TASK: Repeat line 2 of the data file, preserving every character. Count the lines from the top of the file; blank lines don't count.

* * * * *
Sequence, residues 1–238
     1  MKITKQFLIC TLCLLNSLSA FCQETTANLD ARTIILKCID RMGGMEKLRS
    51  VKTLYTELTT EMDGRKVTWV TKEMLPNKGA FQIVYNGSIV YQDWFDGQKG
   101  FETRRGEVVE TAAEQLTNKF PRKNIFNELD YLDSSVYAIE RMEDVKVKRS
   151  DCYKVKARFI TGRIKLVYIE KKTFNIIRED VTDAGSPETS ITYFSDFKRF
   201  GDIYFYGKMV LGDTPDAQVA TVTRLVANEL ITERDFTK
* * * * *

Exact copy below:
     1  MKITKQFLIC TLCLLNSLSA FCQETTANLD ARTIILKCID RMGGMEKLRS